Lulled in Prague

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This entry is rather belated, but it would be a crime not to mention Prague, the last stop of my two-week trip to Europe last summer. After hassle and bustle of Russia, Prague was a perfect, “fairy tale” destination… visually-appealing, easy-going, and just overall relaxing.

Arriving late afternoon (Day 1) without much research/planning, I ventured out for a walk before dinner. Since I was staying in Mala Strana, I followed the human “traffic” to Charles Bridge which was easily recognizable by two towers on either side of the river and about 30 statues throughout its length. The view of the city from Mala Strana’s side was beyond compare. It was impossible to put down the camera even for a second. The “skyline” was studded with towers, spires, crosses, statues, roofs of all shapes and colors. The explosion of different styles (Baroque, Art Nouveau, Medieval, etc.) had marked every building. There was nothing plain in sight; it was an architecture lover’s (and thus, my) paradise. And even though, it was obvious that the city was full of tourists, it was also clean, safe *and* void of many cars, which was tremendously stress-free (can’t say the same of New York!). My night became even more complete when I had dinner at a small outdoor pub (recommended by my hotel) with an awesome fallow deer and wild boar pate and rosemary wild perch.

On Day 2, thanks to a friend’s recommendation, I headed to Old Town for a “free” 3-hour tour that resulted in tons of photographs. The guide was very good and he covered some major Prague attractions and also told us about the history of the nation. Some of the highlights included the Astronomical Clock, the oldest working clock in the world (with a rather silly hourly show); the Estates Theater where young Mozart first performed in Prague and got a 30-minute standing ovation; Kafka on a headless man statue; the Old Jewish cemetery in Jewish Quarter where people were buried in rows up to 12 levels deep for lack of space, and a lot more. After the tour and a quick gyro (which they priced here by grams), I walked south along Vltava River to Frank Gehry’s Dancing House admiring a lot of Art Nouveau buildings on the way. Then crossed Jiraskuv Bridge back into Mala Strana and walked up north to near Kampa Island where I sat at a cafe with a nice view of Charges Bridge at sunset, watching boats go by.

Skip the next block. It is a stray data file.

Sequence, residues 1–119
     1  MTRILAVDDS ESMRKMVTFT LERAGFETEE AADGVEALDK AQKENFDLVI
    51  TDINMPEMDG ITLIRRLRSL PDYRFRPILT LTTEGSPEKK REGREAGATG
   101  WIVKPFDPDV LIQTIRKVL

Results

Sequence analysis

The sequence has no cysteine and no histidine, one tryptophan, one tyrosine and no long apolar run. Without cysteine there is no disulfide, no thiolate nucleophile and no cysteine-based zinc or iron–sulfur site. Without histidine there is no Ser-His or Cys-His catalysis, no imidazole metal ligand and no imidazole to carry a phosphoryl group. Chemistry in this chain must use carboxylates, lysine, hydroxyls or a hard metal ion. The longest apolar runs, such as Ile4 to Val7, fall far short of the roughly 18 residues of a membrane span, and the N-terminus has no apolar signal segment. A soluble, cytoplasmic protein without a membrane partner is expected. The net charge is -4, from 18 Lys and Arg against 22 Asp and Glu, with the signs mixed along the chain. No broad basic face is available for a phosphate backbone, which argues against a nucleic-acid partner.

On Day 3, I took a tram (well, 2 trams) to A. Mucha Museum (pronounced “muha”, which ironically means “fly” in Russian). Museum was small, but there was a good representation of Mucha’s work. The intricate details of his designs (posters, furniture, jewelry, etc.) reminded me of Klimt, whom I always found very original. After the museum, I took metro a few stops to vicinity of Prague Castle. This way I saved some time *and* tried Prague’s public transportation which seemed fairy easy. A ticket for 90 min was around $1.50 and could be used from metro to bus to trams and the kicker was… it was based on the honor system, so unless you got caught (I did get checked 1 out of 3 times), you could ride free.

After getting slightly sidetracked by Valdstejnska Palace/Garden where the Senate resided, I made it up the long steps to Prague Castle, missed the changing of the guards, continued to St. Vitus, a typical Gothic cathedral, the main attraction here, but with one distinction: one of the stained glass panels was done by A. Mucha (going to museums could be so educational!). Then I’ve walked past most churches, palaces, gardens that comprised the vast Prague Castle complex, continuing west past a pretty gaudy Loreta palace and getting caught in the rain at Strahov Monastery. Thankfully, the rain passed fast and by sheer luck I found myself at a restaurant perched on top of the hill a little lower than the Observation Tower (replica of the Eiffel Tower) but with an awesome view of the castle and the city below it. And if things couldn’t get any better… a rainbow suddenly appeared. So I stayed to enjoy the view and a giant bowl of hearty goulash (finally!) resting on a dumpling (aka bread pudding)… thus rounding off a perfect few days in Prague.

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